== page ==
Check This Out: The future just keeps getting friendlier

Anne DeGrace is the Adult Services Coordinator at the Nelson PublicLibrary. Check This Out runs every other week.

Once upon a time we’d ask our kids to help us program the VCR. Remember VCRs? It was a simpler time, but that part about asking the kids for help with the technical stuff is still around.

It’s easy to think they are born with this knowledge, thumbs text-ready and brains tech-savvy, but the truth is kids need to learn this stuff just like we do. If they are less intimidated than we are, they are especially poised to take tech the extra mile — and the Nelson library’s teen services coordinator Melodie Rae Storey wanted to help make that happen.

“There’s pressure to do tech programming for teens, but we didn’t have the hardware,” she says.

Storey talked to chief librarian Tracey Therrien, who encouraged her to apply for funding — something she’d been successful with in her former position at the Gibsons and District Public Library.

“With help from Columbia Basin Trust and Telus, we were able to buy 10 laptops and install programs like Gimp, DJ Mix, and Photo-Pea.”

The first program was a two-part workshop in photo manipulation for kids 12 and up. Storey reached out to the community. Selkirk College digital arts program graduate Peter McRory stepped up. For McRory, it was a great way to get his teaching feet wet in a rewarding environment.

Similarly, Mary Ann Spears (DJ Ginger) found the experience as fun for her as it was for the kids who did the two-part DJ workshop. Parents of kids under 12 have been contacting her about setting up a workshop for the younger set. “She’s been really inspired by the experience,” says Storey.

And so have the kids.

With just 10 participants per workshop, there’s time for one-on-one and a few new connections besides. “It’s been great to see them having fun, working together, and to see the ones who are more adept become teachers themselves, helping the ones who are struggling a bit.”

Digital literacy has joined traditional literacy as something libraries have embraced worldwide. At the Nelson library, we keep adding to our stable of the technical equivalent of horseless carriages. (Just as our great-grandparents were once spooked by those noisy things on wheels, it’s good to remember that everything was new once).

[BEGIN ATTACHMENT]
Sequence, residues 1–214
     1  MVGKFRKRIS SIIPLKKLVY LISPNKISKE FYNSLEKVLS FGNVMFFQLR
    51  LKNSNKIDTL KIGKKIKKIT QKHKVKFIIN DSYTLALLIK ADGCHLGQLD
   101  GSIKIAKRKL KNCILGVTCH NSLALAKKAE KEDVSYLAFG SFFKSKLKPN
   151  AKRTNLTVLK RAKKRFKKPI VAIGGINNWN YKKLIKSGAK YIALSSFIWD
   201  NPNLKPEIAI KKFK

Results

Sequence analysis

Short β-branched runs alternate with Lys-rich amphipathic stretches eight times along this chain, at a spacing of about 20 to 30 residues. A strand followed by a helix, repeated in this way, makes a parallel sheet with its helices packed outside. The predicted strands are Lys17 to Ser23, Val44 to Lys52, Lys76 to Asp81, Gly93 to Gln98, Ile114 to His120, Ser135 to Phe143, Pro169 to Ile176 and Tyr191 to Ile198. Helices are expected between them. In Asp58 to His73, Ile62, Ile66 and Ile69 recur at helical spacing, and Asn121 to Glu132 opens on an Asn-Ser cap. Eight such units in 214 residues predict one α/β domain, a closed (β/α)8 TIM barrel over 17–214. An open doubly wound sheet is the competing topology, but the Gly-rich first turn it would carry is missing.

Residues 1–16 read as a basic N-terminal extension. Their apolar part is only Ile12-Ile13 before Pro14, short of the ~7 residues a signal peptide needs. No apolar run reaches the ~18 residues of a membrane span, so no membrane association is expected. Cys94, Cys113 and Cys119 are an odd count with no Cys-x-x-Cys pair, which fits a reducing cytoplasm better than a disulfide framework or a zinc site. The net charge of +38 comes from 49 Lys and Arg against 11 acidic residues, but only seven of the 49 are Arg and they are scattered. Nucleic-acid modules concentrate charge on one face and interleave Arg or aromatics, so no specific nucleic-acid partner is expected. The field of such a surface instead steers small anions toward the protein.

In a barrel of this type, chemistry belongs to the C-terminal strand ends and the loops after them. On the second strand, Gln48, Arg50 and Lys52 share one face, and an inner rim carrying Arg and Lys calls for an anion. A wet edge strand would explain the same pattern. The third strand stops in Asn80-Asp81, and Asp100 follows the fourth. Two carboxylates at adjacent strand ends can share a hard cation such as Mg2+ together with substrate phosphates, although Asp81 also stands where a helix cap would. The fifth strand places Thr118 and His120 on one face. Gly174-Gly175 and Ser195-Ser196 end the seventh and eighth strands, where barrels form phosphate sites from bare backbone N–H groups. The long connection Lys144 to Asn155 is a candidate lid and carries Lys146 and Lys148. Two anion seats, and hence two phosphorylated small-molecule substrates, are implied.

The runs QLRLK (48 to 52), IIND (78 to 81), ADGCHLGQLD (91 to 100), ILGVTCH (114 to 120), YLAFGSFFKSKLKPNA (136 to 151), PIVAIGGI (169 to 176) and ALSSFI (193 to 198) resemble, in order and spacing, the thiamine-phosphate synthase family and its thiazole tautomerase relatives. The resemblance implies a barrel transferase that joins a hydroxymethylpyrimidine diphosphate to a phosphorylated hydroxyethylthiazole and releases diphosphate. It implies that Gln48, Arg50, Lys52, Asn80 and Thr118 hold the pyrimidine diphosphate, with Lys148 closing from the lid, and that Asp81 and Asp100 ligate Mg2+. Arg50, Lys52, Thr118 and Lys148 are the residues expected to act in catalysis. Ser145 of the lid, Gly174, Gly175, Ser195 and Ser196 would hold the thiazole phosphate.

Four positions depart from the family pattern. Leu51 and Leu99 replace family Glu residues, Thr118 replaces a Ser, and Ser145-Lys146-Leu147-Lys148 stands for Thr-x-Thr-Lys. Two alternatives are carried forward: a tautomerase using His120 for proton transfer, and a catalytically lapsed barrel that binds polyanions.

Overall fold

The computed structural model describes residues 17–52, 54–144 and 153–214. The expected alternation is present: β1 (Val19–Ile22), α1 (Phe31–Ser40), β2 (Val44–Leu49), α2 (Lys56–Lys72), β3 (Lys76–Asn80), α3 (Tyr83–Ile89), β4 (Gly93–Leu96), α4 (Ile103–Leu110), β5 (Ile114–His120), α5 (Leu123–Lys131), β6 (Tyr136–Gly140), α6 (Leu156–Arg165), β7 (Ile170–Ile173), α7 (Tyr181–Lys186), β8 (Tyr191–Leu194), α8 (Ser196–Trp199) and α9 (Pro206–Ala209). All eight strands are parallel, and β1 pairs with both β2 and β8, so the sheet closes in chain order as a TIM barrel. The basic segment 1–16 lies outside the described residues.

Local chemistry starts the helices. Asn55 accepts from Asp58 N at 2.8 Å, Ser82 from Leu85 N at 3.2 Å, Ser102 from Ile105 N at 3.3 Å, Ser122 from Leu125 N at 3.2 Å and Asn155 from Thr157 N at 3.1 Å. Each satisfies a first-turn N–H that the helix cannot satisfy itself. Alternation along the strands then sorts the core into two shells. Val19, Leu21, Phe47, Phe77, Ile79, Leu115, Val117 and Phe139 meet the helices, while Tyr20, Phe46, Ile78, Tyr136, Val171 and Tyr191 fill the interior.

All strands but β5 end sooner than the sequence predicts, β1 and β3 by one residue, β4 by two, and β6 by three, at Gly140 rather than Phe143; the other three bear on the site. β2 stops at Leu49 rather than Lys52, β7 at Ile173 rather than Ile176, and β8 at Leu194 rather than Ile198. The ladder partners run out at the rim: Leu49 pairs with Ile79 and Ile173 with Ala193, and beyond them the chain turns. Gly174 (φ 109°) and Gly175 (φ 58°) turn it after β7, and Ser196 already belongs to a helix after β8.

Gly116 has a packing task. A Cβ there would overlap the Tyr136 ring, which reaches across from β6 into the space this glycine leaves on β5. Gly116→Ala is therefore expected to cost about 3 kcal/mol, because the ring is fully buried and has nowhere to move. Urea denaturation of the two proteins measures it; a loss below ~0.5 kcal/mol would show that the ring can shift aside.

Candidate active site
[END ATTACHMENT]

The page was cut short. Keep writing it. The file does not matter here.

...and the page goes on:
We have 10 public computers available for anyone to use, and we lend pre-loaded eReaders aimed at demystifying those. My colleague Heather Goldik teaches how-to workshops for accessing library e-materials and other e-topics several times each year; watch for opportunities coming up in 2019.

Digital fun starts young: The library has 18 Ozobots, cute-as-all-get-out robots that fit in your palm. Ozobots are versatile little critters, programmable by a six-year old using coloured markers on paper, or by a sixteen-year-old using more complex coding skills on a tablet or laptop. Ozobot workshops have been wildly popular for kids and teens, and there are plans for more robot fun in the new year.

“There’s a need for this, and a need to make it fun,” says Storey. “Tech doesn’t have to be scary at all.”

As for the teen tech series, coming up Dec. 6 and 13, from 7 to 9 p.m. is a video editing program, again with Peter McRory. In January, we’ll offer web development education with professional web designer Gregg Coppen. Facilitators for workshops in coding, digital art, and stop-motion animation are needed in the new year — your chance to step up and have an unforgettable experience shaping future digi-experts.

And that new generation of digi-experts means help with whatever newfangled thing the future throws at the rest of us — and wondrous new creations besides.

Anne DeGrace is the Adult Services Coordinator at the Nelson Public Library. Check This Out runs every other week.

Just Posted

Kootenay Lake’s first marine waste pump-out opens

Sewage facility is located at the Prestige marina

1919: Nelson doctor drowns in Kootenay Lake saving child

And other news from a century ago in the Nelson Daily News

Lily Taylor, Levi Taylor win medals at Ogopogo Open

The local weightlifters were among seven Nelson athletes competing at the event

CHECK THIS OUT: Read B.C.! A roundup of books about our fair province

The Nelson Library’s Anne DeGrace gives us a B.C. Day book list

Nelson Leafs trade goalie Hunter Young to Rockies

Nelson will have an all-new duo between the pipes next season

VIDEO: Langley Ribfest met with protesters

Groups that oppose the event for various reasons plan to be on site each of the three days.

Canadians killed in Afghanistan honoured during emotional dedication ceremony

One-hundred-fifty-eight Canadian soldiers died during the mission

‘I’m just absolutely disgusted’: Husband furious after B.C. Mountie’s killer gets day parole

Kenneth Fenton was sentenced to prison after he fatally struck Const. Sarah Beckett’s cruiser

Sea-to-Sky Gondola in B.C. likely out of commission until 2020

Sea to Sky Gondola carries between 1,500 and 3,000 people every day during the summer season

It’s snow joke: Up to 30 cm of snow expected to fall in northeastern B.C.

Alaska Highway, Fort Nelson to be hit with August snowstorm, according to Environment Canada

Helicopter-riding dog Mr. Bentley now featured on cans of new B.C.-made beer

Partial proceeds from every pack go to Children’s Wish

PHOTOS: Weapons seized at Portland right-wing rally, counterprotests

Not all who gathered Saturday were with right-wing groups or antifa

Discussion on grief and loss between Stephen Colbert, Anderson Cooper goes viral

The exchange includes emotional question from Cooper, and outlook on grief as a child

Toronto activist calling on federal parties to nominate more black candidates

Fewer than 20 black Canadians have been nominated so far, including some Liberal MPs seeking re-election

Most Read